Health officials around the world agree that one of the best steps to reducing the problem of antimicrobial resistance (AMR) is scaling back on unnecessary overprescribing of these medications. As doctors in many countries work to implement these efforts, a new report out of the United Kingdom shows some progress in the fight against drug-resistant “superbugs,” along with plenty of work to still be done.
The new report
comes from the UK’s Department of Health and Department for Environmental, Food & Rural Affairs, and was prepared by their AMR Strategy High Level Steering Group. It’s their second annual progress report, outlining progress made in 2015 to slow the spread of superbugs in England, Scotland, Wales, and Northern Ireland and detailing their five-year antimicrobial resistance strategy for 2013 to 2018. This report’s release came as the United Nations General Assembly was set to gather for a meeting
to discuss the international problem of drug-resistant bacteria, a common global enemy.
Quite simply, antimicrobial resistance
is the ability of bacteria, viruses, and parasites to develop immunity to the antibiotic, antiviral, and antimalarial drugs humans have created to fight off dangerous infections. As pathogens have adapted over recent decades, they’ve become stronger and are increasingly able to defy medical treatment. Infections that were once easily treatable can today become life threatening, and around the world people are experiencing more illnesses, hospitalizations, medical expenses, and deaths due to these superbugs. In many cases, doctors are now treating patients with infections that are resistant to even last-line antibiotics, drugs typically given as a last resort when nothing else has worked to clear an infection.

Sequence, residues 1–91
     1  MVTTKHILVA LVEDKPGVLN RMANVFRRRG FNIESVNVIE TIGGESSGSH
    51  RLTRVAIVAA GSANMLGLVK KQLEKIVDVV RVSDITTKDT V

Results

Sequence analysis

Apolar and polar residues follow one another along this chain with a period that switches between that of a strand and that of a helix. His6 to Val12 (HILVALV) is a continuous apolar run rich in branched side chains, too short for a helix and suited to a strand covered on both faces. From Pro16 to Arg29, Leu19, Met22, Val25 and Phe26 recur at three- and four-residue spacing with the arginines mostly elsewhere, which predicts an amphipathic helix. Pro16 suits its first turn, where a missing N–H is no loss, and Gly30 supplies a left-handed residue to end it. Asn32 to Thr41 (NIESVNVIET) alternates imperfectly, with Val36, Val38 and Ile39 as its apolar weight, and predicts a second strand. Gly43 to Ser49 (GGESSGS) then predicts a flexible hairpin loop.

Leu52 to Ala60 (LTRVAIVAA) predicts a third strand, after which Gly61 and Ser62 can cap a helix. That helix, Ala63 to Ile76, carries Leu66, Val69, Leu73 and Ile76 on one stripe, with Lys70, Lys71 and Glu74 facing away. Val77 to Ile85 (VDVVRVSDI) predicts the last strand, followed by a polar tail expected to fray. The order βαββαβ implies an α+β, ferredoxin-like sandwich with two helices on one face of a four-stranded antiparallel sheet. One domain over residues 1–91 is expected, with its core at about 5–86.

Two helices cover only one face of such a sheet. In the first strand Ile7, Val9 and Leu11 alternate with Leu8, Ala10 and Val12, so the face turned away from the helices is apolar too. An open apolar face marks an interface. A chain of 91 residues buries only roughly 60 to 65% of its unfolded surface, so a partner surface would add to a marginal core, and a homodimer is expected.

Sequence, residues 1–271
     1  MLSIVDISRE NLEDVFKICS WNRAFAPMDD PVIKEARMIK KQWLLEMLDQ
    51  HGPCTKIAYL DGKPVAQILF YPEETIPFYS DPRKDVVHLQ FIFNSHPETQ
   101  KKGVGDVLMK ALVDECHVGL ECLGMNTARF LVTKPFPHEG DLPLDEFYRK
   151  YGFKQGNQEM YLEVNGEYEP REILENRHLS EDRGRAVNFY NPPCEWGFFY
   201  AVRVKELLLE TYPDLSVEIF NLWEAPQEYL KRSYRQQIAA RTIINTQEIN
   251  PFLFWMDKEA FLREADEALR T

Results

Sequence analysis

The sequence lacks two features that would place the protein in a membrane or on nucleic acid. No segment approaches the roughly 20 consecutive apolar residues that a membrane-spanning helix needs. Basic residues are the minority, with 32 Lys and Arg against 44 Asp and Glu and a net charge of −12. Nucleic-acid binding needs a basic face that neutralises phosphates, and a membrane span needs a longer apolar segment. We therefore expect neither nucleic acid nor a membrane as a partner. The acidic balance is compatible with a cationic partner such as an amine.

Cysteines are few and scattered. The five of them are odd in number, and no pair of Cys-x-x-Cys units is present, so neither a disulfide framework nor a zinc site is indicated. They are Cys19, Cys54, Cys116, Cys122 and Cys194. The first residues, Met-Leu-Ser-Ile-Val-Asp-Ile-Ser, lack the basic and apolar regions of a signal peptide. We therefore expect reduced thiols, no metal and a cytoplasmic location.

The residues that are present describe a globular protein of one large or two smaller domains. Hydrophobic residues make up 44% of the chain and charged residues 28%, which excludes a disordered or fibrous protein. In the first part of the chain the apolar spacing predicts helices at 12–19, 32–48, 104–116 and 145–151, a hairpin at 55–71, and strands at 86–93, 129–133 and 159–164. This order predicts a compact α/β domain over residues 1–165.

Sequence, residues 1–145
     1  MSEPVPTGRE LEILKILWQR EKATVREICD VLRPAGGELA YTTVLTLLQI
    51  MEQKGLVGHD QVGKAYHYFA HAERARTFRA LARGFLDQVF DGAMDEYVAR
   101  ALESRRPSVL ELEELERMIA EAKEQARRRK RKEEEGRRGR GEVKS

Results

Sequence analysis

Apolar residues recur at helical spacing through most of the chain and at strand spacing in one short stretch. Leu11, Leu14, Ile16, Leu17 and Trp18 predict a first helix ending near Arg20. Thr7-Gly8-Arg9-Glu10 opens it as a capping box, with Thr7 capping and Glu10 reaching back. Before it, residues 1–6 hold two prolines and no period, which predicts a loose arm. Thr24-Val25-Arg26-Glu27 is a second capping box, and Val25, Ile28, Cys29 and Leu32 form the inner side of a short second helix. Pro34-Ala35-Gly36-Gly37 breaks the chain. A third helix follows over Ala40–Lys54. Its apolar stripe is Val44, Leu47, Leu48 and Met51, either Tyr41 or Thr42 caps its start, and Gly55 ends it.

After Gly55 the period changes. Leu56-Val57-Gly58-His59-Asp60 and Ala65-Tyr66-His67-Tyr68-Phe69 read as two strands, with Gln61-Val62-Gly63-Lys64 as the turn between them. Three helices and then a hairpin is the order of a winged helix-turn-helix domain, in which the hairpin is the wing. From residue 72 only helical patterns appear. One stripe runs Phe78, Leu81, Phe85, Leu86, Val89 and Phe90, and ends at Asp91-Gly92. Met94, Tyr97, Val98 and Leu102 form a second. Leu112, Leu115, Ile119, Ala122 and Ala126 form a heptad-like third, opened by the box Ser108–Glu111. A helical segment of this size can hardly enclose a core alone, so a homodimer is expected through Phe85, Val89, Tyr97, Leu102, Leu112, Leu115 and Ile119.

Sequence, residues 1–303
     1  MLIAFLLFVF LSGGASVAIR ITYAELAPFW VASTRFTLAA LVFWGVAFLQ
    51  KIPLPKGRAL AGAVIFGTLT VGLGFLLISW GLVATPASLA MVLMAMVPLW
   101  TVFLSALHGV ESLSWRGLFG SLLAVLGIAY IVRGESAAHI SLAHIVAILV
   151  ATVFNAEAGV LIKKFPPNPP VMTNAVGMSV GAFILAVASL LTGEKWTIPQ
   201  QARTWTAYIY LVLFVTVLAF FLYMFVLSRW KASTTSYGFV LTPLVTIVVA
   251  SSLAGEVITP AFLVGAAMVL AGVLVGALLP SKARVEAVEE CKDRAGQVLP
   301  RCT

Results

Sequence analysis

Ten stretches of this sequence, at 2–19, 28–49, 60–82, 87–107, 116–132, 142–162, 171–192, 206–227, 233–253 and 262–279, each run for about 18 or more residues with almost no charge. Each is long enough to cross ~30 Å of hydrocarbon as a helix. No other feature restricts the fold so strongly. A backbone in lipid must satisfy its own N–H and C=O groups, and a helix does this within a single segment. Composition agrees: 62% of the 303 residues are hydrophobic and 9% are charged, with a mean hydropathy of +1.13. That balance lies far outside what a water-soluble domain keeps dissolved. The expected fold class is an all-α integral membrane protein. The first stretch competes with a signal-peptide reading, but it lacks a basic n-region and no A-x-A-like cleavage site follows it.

If we’ve prescribed ourselves into a corner, the UK’s new report demonstrates local and national efforts taken to tackle this global threat. Their first such report included an ambitious “One Health” strategy to tackle AMR in people, animals, agriculture, and the wider environment, and the new report delves into how they’ve implemented that approach. Ensuring that their regulatory and operational infrastructure is ready to drive real progress, the UK officials have been working closely with the World Health Organization, largely driving the international effort on AMR. “We made considerable progress at a national level putting the building blocks for success in place including better data, guidance and a strengthened framework for antimicrobial stewardship,” say the report’s authors. “However, we were acutely aware that we had yet to see unequivocal evidence that we are making a difference, although, at the end of 2015, early signs suggested that initiatives begun earlier in the year were having good results. The challenge now is to shift focus from the development of national tools and guidance to local delivery.”